In my kitchen I mostly use bacon for cooking; just a little bit imparts a massive amount of flavor to everything from vegetables to cookies. If I got into the habit of making bacon on its own just because, I would end up eating between three and four pounds of bacon a week. Now, I’m not one of those people who believes “everything is better with bacon” (and have gone on the record with my surprisingly controversial beliefs), but if there is a plate of cooked bacon in my house, it is almost impossible to stop myself from picking at it until all that crispy, succulent bacon magically disappears. We know that bacon isn’t great for us. We know it should be eaten in moderation. But when bacon abounds, we are helpless to resist it. That’s why bacon should be made infrequently—and whenever you make bacon, it should be the best bacon you’ve ever tasted.
This is why, whenever I give in to my basest desires and make bacon as a snack, I bake it in the oven. As far as I’m concerned, that’s the only way to cook it at all. In a frying pan, bacon is wily and uncontrollable. It coils and twists about the pan, resisting any attempt to cook it evenly. As it burns in certain places while remaining flaccid and raw in others, the bacon lashes out, flinging scalding hot fat over everything and everyone with no sense of remorse. When all is said and done, you’ve got a plate of unevenly cooked bacon, a kitchen spattered with grease, and second-degree burns all over your forearms. I mean, bacon is totally worth all of that, but none of it is necessary when your other option is putting the bacon in the oven, having none of those things happen, and eating a superior final product. Here’s how to do it.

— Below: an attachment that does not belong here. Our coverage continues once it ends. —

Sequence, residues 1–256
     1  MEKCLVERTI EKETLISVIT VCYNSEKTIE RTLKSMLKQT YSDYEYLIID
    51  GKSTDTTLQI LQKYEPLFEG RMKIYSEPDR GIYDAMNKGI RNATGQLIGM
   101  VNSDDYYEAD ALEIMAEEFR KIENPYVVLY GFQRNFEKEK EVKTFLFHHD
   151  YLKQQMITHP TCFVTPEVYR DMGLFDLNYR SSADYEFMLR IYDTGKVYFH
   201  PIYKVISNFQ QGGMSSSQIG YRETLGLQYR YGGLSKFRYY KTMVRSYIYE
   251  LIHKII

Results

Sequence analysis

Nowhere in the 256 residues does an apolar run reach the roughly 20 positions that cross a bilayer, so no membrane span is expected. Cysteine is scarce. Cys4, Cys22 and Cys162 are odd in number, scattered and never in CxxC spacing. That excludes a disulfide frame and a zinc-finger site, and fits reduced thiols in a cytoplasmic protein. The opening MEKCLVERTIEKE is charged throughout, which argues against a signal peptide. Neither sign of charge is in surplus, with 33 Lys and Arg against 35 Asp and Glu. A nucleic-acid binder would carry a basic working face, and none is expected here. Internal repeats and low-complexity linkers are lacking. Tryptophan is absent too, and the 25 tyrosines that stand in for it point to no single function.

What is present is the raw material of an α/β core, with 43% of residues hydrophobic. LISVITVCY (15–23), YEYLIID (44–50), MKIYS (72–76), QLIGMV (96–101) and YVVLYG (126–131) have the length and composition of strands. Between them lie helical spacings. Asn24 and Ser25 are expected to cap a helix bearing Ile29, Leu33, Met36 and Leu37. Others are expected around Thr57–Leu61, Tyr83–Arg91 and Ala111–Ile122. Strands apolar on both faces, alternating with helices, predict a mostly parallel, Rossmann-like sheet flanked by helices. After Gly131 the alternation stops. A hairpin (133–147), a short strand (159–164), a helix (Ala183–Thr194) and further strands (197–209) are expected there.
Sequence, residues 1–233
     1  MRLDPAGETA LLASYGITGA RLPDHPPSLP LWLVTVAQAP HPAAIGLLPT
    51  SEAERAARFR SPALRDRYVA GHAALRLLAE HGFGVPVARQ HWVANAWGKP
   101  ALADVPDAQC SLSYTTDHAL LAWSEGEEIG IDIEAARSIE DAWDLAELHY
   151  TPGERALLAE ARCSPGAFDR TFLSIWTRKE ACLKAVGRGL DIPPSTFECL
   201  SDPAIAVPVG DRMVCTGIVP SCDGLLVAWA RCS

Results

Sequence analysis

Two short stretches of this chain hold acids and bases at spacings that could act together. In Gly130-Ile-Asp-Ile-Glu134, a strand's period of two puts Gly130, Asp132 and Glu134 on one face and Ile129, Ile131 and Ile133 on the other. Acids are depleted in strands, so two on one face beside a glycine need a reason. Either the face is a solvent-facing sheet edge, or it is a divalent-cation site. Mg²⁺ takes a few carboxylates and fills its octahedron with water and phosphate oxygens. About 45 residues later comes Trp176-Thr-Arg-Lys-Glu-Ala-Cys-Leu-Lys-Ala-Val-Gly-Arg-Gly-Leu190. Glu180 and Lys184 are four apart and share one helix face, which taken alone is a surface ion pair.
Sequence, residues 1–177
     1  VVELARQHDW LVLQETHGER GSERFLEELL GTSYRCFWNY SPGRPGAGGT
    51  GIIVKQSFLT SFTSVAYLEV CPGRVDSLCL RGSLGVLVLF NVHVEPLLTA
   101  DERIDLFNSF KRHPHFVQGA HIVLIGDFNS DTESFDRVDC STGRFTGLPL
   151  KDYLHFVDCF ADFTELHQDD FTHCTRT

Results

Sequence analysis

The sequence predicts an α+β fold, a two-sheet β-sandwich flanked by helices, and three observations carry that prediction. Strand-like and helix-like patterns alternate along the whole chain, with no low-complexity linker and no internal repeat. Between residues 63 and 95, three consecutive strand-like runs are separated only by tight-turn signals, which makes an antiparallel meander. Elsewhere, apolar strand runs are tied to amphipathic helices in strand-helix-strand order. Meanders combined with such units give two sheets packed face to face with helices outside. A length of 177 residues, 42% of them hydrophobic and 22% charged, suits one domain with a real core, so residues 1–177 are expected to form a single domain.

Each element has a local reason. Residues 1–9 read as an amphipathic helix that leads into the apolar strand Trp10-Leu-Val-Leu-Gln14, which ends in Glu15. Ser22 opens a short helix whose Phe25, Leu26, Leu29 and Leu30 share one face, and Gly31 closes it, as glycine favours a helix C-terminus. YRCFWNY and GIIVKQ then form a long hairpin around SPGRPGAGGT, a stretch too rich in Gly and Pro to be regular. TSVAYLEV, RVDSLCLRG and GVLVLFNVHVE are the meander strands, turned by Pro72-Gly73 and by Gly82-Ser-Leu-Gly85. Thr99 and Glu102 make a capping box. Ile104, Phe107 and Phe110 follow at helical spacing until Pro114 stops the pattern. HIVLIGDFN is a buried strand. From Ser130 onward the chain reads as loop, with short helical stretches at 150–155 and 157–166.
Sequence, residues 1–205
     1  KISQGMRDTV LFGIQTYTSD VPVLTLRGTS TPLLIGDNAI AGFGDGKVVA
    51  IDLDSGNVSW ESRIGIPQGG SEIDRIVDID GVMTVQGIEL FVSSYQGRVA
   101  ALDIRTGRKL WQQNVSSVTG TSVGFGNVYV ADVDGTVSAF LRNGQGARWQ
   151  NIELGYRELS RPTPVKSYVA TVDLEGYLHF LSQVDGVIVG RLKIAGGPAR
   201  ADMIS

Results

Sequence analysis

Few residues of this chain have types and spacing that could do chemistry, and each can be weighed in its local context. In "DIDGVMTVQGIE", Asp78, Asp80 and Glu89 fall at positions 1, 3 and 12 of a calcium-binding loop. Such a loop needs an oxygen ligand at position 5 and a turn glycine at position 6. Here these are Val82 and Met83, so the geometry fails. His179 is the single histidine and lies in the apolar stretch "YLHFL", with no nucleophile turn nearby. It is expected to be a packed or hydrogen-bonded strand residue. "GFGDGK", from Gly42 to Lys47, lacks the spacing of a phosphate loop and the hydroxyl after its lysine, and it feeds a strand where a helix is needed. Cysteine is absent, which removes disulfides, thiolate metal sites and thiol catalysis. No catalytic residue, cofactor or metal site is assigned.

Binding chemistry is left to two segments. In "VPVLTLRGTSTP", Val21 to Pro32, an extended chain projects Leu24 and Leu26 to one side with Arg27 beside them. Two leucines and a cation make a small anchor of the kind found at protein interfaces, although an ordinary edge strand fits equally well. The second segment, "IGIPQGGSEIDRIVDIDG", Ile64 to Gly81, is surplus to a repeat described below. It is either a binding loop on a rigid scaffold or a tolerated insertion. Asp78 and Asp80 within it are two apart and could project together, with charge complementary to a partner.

Preheat your oven to 425 degrees, then find a roasting or sheet pan that can fit a wire rack on top of it. Cooking the bacon on a rack has two functions: one, it allows the bacon to cook more evenly by surrounding it with hot air, and two, it keeps the bacon from being submerged in its own grease as it cooks.
Next, line the pan with heavy duty aluminum foil, because trying to clean a pan full of baked-on bacon grease is a tedious, awful task. An even better reason to use foil: it makes it much easier to save that rendered bacon fat for another use, which is something you absolutely should be doing if you don’t already make a habit of it. More on that later.
Next, place the wire rack on top of the pan and lay the bacon flat across it. If some pieces need to hang off the edge a bit to make everything fit, that’s fine. The bacon strips can be put right up against each other, but shouldn’t overlap. If you’d like, season the bacon. Bacon comes pre-salted as part of the curing process, but you can still add seasonings like black pepper, spices, or brown sugar. (If you’re planning to glaze your bacon with something liquid like barbecue sauce or maple syrup, wait until the bacon is almost fully cooked, only adding the liquids a few minutes before you remove the bacon from the oven.)
Bake in the center of the oven until it’s done. Precisely how much time that takes depends on a number of things, like how thick-cut the bacon is, how fatty it is, and how well done you like your bacon. Check it after 10 minutes to see how it looks, then keep an eye on it until it reaches your ideal level of crispiness. Remove from the oven, let it rest for a minute or two, then go off and have as much fun as you want with your tasty, tasty bacon.
And once you’re finished, don’t tempt fate by trying to pour the leftover bacon fat directly from the pan into a jar. Instead, let the grease cool to room temperature on the pan, then pop that pan full of fat in the fridge or freezer to solidify. After that, you just use a spoon to scoop up the solid bacon fat off the foil, then transfer it to a resealable container to be stored in your fridge or freezer.